May 8, 1999
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An index of this week's stories:
This week, a rebroadcast of Elizabeth Blair's Peabody Award-winning NPR documentary, "I Must Keep Fightin': The Art of Paul Robeson."
ROBESON, PT. 1 - Paul Robeson, one of the greatest social activists of his time, assumed many of the traits of his father. An ex-slave turned minister, William Drew Robeson instilled in his son the pride and eloquence that he would carry with him throughout his career. Paul Robeson's charismatic presence made him a natural for the stage, but he eventually pursued a full-time singing career, a far better platform by which he could raise the consciousness of his listeners. (20:30)
ROBESON, PT. 2 - Paul Robeson's world-wide fame emboldened him to voice his political and social views, which were generally considered uncommon, if not heretical, at the time. As the rest of the world embraced him, the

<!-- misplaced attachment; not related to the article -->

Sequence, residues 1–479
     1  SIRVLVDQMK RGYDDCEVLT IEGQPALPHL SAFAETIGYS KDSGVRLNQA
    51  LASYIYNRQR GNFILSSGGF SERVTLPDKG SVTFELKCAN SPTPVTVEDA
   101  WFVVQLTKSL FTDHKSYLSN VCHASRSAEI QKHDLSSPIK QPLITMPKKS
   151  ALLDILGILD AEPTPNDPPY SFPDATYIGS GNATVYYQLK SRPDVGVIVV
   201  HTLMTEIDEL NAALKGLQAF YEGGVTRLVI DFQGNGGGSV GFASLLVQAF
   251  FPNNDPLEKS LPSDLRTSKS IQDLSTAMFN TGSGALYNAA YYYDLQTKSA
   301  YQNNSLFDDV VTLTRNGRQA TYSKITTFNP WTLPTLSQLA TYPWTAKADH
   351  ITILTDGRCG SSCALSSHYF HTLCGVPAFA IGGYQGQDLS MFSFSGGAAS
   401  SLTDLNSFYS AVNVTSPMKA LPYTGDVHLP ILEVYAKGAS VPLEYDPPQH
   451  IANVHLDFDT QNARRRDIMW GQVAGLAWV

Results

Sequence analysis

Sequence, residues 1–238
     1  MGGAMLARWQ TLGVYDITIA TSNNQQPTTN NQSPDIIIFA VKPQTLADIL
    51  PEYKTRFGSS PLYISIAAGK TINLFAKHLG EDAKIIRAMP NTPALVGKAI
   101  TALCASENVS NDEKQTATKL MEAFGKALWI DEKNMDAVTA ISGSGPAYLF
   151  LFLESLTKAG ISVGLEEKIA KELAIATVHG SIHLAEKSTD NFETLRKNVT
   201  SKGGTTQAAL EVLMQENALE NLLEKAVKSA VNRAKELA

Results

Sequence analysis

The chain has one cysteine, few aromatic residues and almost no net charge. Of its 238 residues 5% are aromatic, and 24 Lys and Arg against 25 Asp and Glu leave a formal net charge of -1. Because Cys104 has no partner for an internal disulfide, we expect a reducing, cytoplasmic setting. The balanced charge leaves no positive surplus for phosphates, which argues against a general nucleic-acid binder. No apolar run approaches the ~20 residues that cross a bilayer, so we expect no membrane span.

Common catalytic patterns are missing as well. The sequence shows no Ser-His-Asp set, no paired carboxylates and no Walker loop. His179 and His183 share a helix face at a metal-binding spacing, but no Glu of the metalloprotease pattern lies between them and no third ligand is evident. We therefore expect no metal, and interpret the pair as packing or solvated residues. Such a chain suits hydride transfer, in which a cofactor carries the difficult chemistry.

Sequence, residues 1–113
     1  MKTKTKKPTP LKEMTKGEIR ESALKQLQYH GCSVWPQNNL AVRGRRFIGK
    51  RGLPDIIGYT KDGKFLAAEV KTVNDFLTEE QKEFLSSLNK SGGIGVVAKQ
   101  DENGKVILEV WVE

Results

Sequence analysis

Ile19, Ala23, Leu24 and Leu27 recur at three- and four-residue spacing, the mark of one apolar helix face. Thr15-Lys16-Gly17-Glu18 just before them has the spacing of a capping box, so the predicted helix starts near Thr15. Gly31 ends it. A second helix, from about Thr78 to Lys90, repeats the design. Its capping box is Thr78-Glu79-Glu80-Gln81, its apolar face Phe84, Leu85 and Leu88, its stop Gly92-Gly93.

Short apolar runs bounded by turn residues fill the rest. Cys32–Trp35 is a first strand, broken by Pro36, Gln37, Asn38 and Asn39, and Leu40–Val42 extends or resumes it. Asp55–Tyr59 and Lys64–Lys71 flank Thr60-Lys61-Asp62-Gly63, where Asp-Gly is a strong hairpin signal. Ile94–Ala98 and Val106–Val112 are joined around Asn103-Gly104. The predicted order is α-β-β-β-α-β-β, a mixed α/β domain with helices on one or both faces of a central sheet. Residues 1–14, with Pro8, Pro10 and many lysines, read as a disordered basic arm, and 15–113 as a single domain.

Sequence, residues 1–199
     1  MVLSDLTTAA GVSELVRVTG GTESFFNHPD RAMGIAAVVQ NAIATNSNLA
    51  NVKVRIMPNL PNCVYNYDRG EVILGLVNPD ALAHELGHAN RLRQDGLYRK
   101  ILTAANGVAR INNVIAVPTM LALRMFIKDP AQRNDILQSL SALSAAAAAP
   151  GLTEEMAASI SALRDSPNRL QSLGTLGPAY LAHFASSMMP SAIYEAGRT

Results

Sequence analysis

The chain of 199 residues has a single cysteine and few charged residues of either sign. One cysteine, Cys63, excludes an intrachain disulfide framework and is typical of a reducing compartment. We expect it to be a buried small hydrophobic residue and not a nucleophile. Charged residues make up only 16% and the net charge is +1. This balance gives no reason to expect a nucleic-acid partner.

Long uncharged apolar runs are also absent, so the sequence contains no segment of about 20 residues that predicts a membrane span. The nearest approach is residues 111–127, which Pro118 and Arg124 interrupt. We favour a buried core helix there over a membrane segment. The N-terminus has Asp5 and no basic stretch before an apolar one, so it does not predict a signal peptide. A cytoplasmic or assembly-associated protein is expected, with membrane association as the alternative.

people and the government of his own country began to tear him down. His fondness for Socialism brought him before the House Un-American Activities Committee, as well as 24-hour FBI surveillance. In the end, weakened and reclusive, Paul Robeson silenced the voice that changed America. (27:00)
Some stories do not link to audio files because of Internet rights issues.
Copyrightę National Public Radio, 1999, all rights reserved.